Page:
mi asked in HealthMental Health · 1 month ago

Since I'm pretty depressed, is it normal to feel like you just want to rest?

Basically I've went through years of undiagnosed depression and started getting treatment. I get grumpy when I'm tired and I annoyingly get tired very easily. I feel like I've come out of a war and constantly feel like just resting.

Whenever I do a chore when tired, I get in a really bad mood and instinctively start complaining and then feel bad about it because there's so much stigma towards what I'm going through.

I think I might have had ADHD or maybe ADD as a kid and didn't diagnose that either so it seemed I was just a thrill seeking, anxious, restless, stress prone, lazy and easily bored and distracted person for no reason.

What was the blame that was thought back then? My lack of activity and skepticism towards anything that seemed strange to me. It was usually seen as something I was doing wrong and something I should change, I couldn't. So it felt like weakness, this guilt built up into depression. This then made me feel worthless and talentless, so it made me skeptical in the hopes of avoiding looking silly.

Seems to be ADD though, I don't talk out of control or respond to impulses (although I do feel them), I actually struggle to speak much at all.

There are also times where I burn out so much that even simply thinking a little bit causes physical pain (obviously a headache.)

2 Answers

  • 1 month ago

    That sounds a lot like how I feel. 

  • 1 month ago

    People say, "I know there are things that will make me feel better - getting exercise, taking care of myself, straightening up the house and cleaning, but I'm depressed and I don't have the energy." The thing is, people do have energy when they're depressed - as much energy as they always do, but for some reason, the system is reluctant to let you use your energy.

    We have to use psychology to coax energy out of our systems. Psychology has some nifty tricks.

    There's a lot of things that can help with depression but there's no one size fits all solution. My recent answers have a lot of information about treatments and getting help. Click on my name and read. More in the link below.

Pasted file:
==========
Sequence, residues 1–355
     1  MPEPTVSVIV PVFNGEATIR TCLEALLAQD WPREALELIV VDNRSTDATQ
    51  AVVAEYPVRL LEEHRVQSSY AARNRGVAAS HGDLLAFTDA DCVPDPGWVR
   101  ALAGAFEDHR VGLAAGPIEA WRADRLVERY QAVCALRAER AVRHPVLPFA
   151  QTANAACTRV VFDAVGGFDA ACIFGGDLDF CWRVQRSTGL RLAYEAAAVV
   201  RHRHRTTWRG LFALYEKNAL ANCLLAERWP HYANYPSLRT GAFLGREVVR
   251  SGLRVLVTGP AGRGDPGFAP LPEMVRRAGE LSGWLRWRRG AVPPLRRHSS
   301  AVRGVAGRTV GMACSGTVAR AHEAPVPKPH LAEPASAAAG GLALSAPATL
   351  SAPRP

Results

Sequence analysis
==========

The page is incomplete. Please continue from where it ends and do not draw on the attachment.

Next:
I can tell you about some simple things that can help a lot with motivation. 

    I was listening to a lecture by somebody who said he was a procrastinator, and he said that the problem with people like himself is that they need immediate gratification. This is interesting because the methods I've found that help with this problem provide immediate gratification.

    This is useful for all kinds of things you don't feel like doing. If a task seems like it's too big, think of it as a series of tasks that you can take on one at a time, and start with something really, really easy. Cleaning - start by cleaning for 3 or 4 min and take a 5 min break. Or start by just cleaning the kitchen counters. Immediate gratification!

    Reading - start by proofreading a paper or by previewing a chapter you're about to read, looking at headings, sub-headings, etc.

    Short breaks are good but always watch the clock. Look for natural breaks, like after you finish a chapter or write an outline.

    Staying on task - if you find yourself dawdling, wasting time while you're working, here's a simple fix. Decide how much time it will take to get a task done and do it in that time, watching the clock.

    A famous psychiatrist said that when we can't control our feelings we can still control our muscles. If you tell your arms and legs to get you to the bathroom for a shower, they will obey.

    Try this when it seems that you're too tired to work. Lie on the couch, close your eyes, and get ready to work by imagining yourself working for 5 minutes. Again, think in terms of taking it step by step and starting with something really easy.

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